Dalai Lama





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by TA McMahon, The Berean Call

Who is the Dalai Lama and what is he all about? And why should The Berean Call even consider this Tibetan Buddhist “holy man”, whom Time magazine selected to top its list of the 100 most influential people in the world today? Well, he is a religious figure who has captured the interest – and in many cases the hearts – of millions of people, including multitudes who profess to be evangelicals.

An attraction to religious “celebrities” with false beliefs is not something new among evangelicals, especially as we see apostasy growing exponentially and ecumenical developments taking place that will eventually usher in the one-world religion of the Antichrist (Revelation 13:8)

What, then, of today’s most honoured religious figure, Tenzin Gyatso, the proclaimed reincarnation of the 13th Dalai Lama (meaning “oceans of wisdom), who preceded him? Pope John Paul II gave him center stage in 1986 when he gathered world religious leaders to Assisi, Italy, to pray for world peace. Astonishing many Catholics, the pope allowed the Dalai lama and his monks to perform their prayer ritual before a statue of Buddha placed upon the altar at the church of St. Peter at Assisi. It certainly confused those who understood that Tibetan Buddhists do not believe in God. So to whom was the Dalai Lama praying? We’ll get to that momentarily.

We’re told that Tibetan Buddhism may be beyond the ability of the Western mind to understand. That’s an understatement: its utter complexity, contradictions and confusion have no geographical boundaries. Nevertheless, Tibetan Buddhism contains a number of beliefs that correlate with false religions in the West. Its ancient history involves shades of Darwinism. Frescoes in the oldest monastery and throughout the country illustrate the belief still held by many today that the origin of the Tibetan people resulted from the mating of a godlike ape with an ogress, a female monster. The simian offspring of that union eventually evolved into the ancient Tibetans.

Tibetan Buddhism itself is a complicated mixture of Bon, which consists of animist and shamanic beliefs and practices, and Buddhism. Fusing the two defies any sense of congruity, and rationalizations vary widely depending upon one’s bias toward spirit driven Bon beliefs or the more philosophical concepts of Buddhism. For example, “[The Bereans] … searched the scriptures daily, [to see] whether those things were so.” Acts 17:11.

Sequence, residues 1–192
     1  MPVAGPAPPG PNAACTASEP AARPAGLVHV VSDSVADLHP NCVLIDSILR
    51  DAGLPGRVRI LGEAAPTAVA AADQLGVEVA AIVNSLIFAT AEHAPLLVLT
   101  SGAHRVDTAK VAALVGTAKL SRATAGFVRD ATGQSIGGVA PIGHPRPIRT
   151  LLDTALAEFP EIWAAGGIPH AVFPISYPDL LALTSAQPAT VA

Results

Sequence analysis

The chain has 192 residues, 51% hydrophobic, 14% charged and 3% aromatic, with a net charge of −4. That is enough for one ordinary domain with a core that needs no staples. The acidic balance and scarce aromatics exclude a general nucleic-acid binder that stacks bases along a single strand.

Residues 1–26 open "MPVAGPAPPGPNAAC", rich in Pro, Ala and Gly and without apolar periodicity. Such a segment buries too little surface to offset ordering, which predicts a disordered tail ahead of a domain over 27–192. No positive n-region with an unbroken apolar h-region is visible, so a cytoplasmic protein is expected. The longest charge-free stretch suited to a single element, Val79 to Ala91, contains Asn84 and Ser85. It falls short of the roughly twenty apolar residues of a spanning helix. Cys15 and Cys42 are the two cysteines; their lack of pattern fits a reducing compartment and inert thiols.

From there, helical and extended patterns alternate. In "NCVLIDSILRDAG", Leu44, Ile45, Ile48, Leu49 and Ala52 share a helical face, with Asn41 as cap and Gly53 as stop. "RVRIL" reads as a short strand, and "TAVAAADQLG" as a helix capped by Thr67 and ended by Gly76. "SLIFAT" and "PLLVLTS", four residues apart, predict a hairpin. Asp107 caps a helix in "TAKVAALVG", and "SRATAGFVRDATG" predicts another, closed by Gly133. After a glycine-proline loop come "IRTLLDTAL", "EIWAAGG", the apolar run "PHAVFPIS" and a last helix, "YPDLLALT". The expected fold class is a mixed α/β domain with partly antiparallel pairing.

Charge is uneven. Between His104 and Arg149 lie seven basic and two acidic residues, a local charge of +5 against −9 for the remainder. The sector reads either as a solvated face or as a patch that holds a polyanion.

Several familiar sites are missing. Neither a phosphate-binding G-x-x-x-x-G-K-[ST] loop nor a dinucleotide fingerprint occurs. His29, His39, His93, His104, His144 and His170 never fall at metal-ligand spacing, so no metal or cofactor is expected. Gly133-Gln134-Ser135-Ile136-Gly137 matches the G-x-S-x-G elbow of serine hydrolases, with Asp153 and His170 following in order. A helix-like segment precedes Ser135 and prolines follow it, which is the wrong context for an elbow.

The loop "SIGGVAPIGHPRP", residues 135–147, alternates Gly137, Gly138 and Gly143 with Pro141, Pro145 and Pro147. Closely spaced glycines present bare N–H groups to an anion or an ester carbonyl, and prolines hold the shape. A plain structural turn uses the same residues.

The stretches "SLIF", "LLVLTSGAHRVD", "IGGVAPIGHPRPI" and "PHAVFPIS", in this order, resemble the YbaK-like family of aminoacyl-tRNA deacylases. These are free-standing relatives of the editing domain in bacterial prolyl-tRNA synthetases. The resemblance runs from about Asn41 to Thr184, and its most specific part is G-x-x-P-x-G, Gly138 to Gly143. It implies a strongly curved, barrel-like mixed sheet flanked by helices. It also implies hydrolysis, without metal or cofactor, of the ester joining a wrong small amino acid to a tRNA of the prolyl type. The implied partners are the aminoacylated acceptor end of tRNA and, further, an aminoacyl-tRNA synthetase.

Dalai Lama once remarked to a Catholic priest that the chief difference between their beliefs was that he as a Buddhist did not believe in a personal God. On the other hand, as a Tibetan Buddhist, he believes in personal deities and spirits – and lots of them. This is more evident as he travels the world inducting hundreds of thousands (including thousands in US cities) into the Kalachakra Tantra Initiation. Kalachakra is both a Tantric deity and a meditation practice; the former is a manifestation of Buddha, who is called upon to lead the initiate into becoming a bodhisattva, or enlightened god, a status claimed for the Dalai Lama. Note what takes place in this 12-day Kalachakra Initiation ceremony. Monks create a sand mandala seven feet in diameter, which becomes home to 722 gods and goddesses during the ritual. From his throne, the Dalai Lama, as the master of the initiation, asks permission to begin the ritual from Tenma, the supreme earth spirit who rules over the local spirits. Not all the spirits want to cooperate and must be placated by the monks through chanting, dancing, and the sound of bells, gongs and horns. The Dalai Lama then makes an offering to the spirits to thank them for their assistance. On the tenth day, he invokes the god Kalachakra to open the eyes of the initiates, who have taken vows never to reveal the secret teachings. The experience is described as being “reborn” as the participants enter into Kalachakra’s universe of enlightenment. At the closing, the Dalai conveys his gratitude to the gods and goddesses for their participation and bids them return to their sacred homes.

This man with the winning smile is a shaman. He refers to himself as a simple monk, although we’re told he is a god-king and he, like the pope, is to be addressed as “His Holiness”. He mediates between humans and spirit beings, of which there are a multitude of varieties, from those who are considered helpful, to those who are unspeakably evil and malicious. The life of the average Tibetan is one of continually seeking rituals of appeasement directed at these nonphysical beings who play havoc with them by bringing about sickness, poverty, crop failure, livestock deaths, ignorance, possession, insanity and so forth. No matter what philosophical or psychological spin the Dalai Lama puts on his theology and practices for his American audiences, the Bible clearly teaches that he is trafficking with demons and “the god of this world”, Satan himself (II Corinthians 4:4).